Mongo: my first real workbench #7: There's no turning back now...

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Blog entry by TheRiflesSpiral posted 04-14-2017 11:29 PM 1110 reads 0 times favorited 2 comments Add to Favorites Watch
« Part 6: The right tools for the job... even if you have to make them. Part 7 of Mongo: my first real workbench series Part 8: Joinery: working out the legs »

I’ve been waffling back and forth about the design of the leg for the leg vice; I considered doing away with the canted legs altogether because of the complexity added at the vice but I put that out of my mind today and committed to the Moravian style legs by hogging out the biggest dovetail I think I’ll ever make.

First step was to mark the innermost surface of the leg, which will receive the rib.

When I made my square for this project (see my last blog entry) I actually made two. One I left without the bottom piece and so far I’ve used that one more than the other. (That will change when I start marking out the legs.)

Next I marked the width of the leg perpendicular to the face. (8.5”)

Next I marked where I wanted the surface of the dovetail to be then using another tool I made on the laser cutter, I marked where the dovetail detail would land at the depth I wanted.

I carried that line up and over the surface then measured 2.5” from that line and clamped a jig in place. (2.5” is the distance from the edge of my router to the surface of the bit.)

I skipped the straight bit this time; I’m not sure what possessed me to try with the dovetail bit alone but I tried it and it was able to clear chips just fine, leaving a clean, 1”x5/8” dovetail with no fuss.

I followed up with a straight bit to hog out the rest of the dado.

With all four dadoes complete, it was time to glue the aprons on. With the aprons glued in place, I’m totally committed to the canted leg design. There’s no going back now. So here’s the dado in all it’s glory on a glued apron.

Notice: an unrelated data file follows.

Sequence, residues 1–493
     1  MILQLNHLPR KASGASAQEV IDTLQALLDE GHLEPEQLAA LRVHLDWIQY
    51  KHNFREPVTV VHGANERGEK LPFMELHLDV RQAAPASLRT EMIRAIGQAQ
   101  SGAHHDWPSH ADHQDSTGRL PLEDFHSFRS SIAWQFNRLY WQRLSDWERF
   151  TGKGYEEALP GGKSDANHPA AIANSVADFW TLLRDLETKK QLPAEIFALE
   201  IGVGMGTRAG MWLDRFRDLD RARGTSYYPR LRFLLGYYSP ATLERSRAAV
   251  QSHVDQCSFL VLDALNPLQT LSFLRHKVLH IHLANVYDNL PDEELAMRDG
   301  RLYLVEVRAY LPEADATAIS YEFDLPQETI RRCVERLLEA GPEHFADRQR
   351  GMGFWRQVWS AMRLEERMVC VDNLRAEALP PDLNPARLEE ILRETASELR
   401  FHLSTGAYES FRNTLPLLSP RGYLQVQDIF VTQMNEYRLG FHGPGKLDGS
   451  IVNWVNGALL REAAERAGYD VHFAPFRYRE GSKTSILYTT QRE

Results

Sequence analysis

And finally, the whole kit ‘n kaboodle…

I’ve been taking in various opinions about bench height; My initial idea was to follow Paul Sellers’ advice and make it fairly tall, I like working at a tall work surface and in fact our cabinets in the farm house will be 2” taller than normal because my wife and I are both pretty tall. I was thinking somewhere between 38” and 40” would be appropriate for most tasks. But then I saw Jim Tolpin's 'Sizing Workbenches' video on youtube.

While he has two benches and therefore the luxury of having a bench for each task, what he says about the height being appropriate for the task really makes sense to me. The high vise, in particular is really neat. I found plans for a high vice that slips into a leg vice so I think I’ll go that route. I guess the only thing I need to decide now is whether I go lower and build some kind of a saw bench that clamps to this bench top or if I go taller and just learn to plane at that height.

-- Far and away the best prize that life has to offer is the chance to work hard at work worth doing.

2 comments so far

View Rich's profile


5602 posts in 1357 days

#1 posted 04-14-2017 11:45 PM

Looks like your home made gauge is working great. Those look like nice, clean cuts. Looking forward to seeing it progress.

-- Half of what we read or hear about finishing is right. We just don’t know which half! — Bob Flexner

View TheRiflesSpiral's profile


18 posts in 1200 days

#2 posted 04-15-2017 11:02 PM

It really is… I don’t think I’ve picked up my square or tape measure since I brought it home!

-- Far and away the best prize that life has to offer is the chance to work hard at work worth doing.

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